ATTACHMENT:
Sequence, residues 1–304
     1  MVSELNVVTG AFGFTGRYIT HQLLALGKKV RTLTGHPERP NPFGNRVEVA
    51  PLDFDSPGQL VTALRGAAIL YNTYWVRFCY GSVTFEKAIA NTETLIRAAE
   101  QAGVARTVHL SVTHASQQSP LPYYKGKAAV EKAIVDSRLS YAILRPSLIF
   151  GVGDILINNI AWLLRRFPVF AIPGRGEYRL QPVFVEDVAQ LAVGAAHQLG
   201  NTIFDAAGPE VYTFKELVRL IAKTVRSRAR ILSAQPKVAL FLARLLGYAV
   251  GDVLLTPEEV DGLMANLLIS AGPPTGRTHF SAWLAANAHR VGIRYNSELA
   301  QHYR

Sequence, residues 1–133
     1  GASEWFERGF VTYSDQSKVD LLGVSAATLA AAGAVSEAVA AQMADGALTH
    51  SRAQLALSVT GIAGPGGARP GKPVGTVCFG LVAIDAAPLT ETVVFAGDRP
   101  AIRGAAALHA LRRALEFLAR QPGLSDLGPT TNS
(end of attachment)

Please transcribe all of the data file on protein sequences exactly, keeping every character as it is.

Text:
Sequence, residues 1–304
     1  MVSELNVVTG AFGFTGRYIT HQLLALGKKV RTLTGHPERP NPFGNRVEVA
    51  PLDFDSPGQL VTALRGAAIL YNTYWVRFCY GSVTFEKAIA NTETLIRAAE
   101  QAGVARTVHL SVTHASQQSP LPYYKGKAAV EKAIVDSRLS YAILRPSLIF
   151  GVGDILINNI AWLLRRFPVF AIPGRGEYRL QPVFVEDVAQ LAVGAAHQLG
   201  NTIFDAAGPE VYTFKELVRL IAKTVRSRAR ILSAQPKVAL FLARLLGYAV
   251  GDVLLTPEEV DGLMANLLIS AGPPTGRTHF SAWLAANAHR VGIRYNSELA
   301  QHYR

Sequence, residues 1–133
     1  GASEWFERGF VTYSDQSKVD LLGVSAATLA AAGAVSEAVA AQMADGALTH
    51  SRAQLALSVT GIAGPGGARP GKPVGTVCFG LVAIDAAPLT ETVVFAGDRP
   101  AIRGAAALHA LRRALEFLAR QPGLSDLGPT TNS